But when we become a new creature in Christ, God expects us to come up higher into His glory and holiness and begin to see those same situations and people according to His purer perspective, which may or may not be synonymous with our parents. This is spiritual growth, sanctification. And no matter what we’ve been through, God holds us to His standard, not ours.
Our Way Is Not the High Way…
You may know people who are set in their ways. Maybe you have a few grumpy, all-about-me family members that lean on a set of standards from which they will not budge. Everyone is expected to fall in line with their beliefs and do things their way. Their standards are obvious to you.
The truth is that we all have some set standards that God desires to break in order to give us a breakthrough for more of His likeness in us. And others—especially those close to us—can often see what’s in us—the good and not so good. And our emotions need to grow up and come into a higher level of spiritual maturity, according to God’s righteousness, not whatever other standard we have adopted above His.
God will allow people close to us to irritate us by mirroring the very issues from which He desires to deliver us. God may use them as a vice, like Job’s friends, to tell us our stuff outright. They may judge us, condemn us and just plain get on our last nerve so we can know what it feels like to be on the receiving end of what we unknowingly do to others.
The enemy may try to use these people’s annoyances as a snare to try to provoke us into self-justifying our stance, just like Job did to his friends. But God, in His sovereignty, will use the enemy to only go so far—far enough to cause us to press into God for an ultimate breakout from our bondage into His higher holiness.
After studying the Book of Job for weeks, if I have learned nothing else, it’s to not self-justify my position or perspective regarding God’s sovereignty. God is so much bigger than all our messy relationships and circumstances, and He desires to give us more, just as He gave to Job. Once Job humbled himself and prayed for his friends, God doubled his blessings!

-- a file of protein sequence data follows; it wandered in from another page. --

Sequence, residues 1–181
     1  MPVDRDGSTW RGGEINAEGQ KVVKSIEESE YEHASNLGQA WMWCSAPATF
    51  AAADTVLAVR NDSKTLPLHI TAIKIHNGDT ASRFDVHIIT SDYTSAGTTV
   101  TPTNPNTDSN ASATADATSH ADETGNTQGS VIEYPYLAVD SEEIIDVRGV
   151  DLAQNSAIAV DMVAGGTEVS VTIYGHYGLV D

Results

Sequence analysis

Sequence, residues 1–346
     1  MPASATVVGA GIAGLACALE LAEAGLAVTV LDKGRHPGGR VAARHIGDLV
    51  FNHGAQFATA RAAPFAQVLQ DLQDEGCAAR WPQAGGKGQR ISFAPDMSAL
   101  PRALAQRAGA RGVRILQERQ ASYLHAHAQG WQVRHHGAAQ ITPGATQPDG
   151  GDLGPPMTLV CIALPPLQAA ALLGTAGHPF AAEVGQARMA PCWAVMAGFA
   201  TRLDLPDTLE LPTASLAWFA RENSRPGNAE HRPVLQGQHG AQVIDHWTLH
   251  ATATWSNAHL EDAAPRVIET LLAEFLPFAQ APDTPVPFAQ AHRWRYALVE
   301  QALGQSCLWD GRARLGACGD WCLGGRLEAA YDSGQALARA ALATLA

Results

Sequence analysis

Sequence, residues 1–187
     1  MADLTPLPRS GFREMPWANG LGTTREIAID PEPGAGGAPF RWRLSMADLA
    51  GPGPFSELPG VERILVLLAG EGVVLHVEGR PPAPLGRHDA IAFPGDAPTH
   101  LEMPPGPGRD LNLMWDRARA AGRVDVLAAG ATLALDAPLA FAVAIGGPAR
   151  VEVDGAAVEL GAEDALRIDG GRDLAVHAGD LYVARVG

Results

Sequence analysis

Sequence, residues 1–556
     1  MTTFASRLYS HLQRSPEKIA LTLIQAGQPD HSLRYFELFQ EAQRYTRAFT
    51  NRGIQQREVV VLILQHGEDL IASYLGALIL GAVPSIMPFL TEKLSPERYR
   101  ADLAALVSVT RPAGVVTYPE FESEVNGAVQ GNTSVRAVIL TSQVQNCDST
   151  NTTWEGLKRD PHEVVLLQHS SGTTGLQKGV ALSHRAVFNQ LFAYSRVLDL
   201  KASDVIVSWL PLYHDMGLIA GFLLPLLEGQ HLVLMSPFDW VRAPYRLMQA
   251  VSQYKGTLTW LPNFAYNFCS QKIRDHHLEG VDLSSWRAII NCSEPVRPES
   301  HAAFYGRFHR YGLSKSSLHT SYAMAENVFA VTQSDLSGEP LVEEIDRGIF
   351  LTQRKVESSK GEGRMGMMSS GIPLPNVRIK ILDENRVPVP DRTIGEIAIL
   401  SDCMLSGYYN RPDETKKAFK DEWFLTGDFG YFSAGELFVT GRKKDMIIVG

Your Way Out…
Whenever we present a situation to others and grumble and complain about that person—whether we do it to their face or behind closed doors, even if it’s only to our closest friend, or mother or pastor’s wife or counselor—God sees it and is not pleased. As James 5:9 indicates: Grumbling is a snare of the enemy that will open the door for us (not them) to be judged!
God invites us to lay down our hindrances. He will use others to mirror our self-righteousness in an effort to cause us to press into Him for relief. This vice will continue until we arrive at a pivotal moment in which we become desperate enough for relief that we will breakthrough into receiving God’s truth over the deception of the enemy that we’ve previously operated under.
The light bulb will come on. We’ll receive God’s revelation, repent and be restored by Him to higher ground. This is an area of spiritual maturity that God desires for all of us. Will you receive His ways? If so…
·Submit everything and everyone who bugs you to the throne of God.
·Ask Him to reveal to you why it/they bug you.
·Ask Him to enable you to hear and know His truth and to reveal the root of the issue to you.
·Depend on God alone to guide you. He may illuminate scripture and/or lead you to other resources that further explain your situation to help you understand.
·Thank Him when He reveals His truth.
·Repent for all your sins (i.e., self-righteousness), including those you see in others (Romans 2:3).
·Forgive others for judging you in a self-righteousness manner. Pray that God will bring His conviction, lead them to repentance and deliver them from self-righteousness and into His truth on the matter. Speak a blessing over them.
·Thank God for setting you free.
·Ask God to help you walk out His freedom for you so it will become established in your soul.
·Enjoy your newfound victory!
Margaret D. Mitchell is the Founder of God's Love at Work, a marketplace outreach purposed to share God's greatest power source - the love of Christ. This devotional was adapted from Margaret's latest book, "Enduring Grace," to be released soon.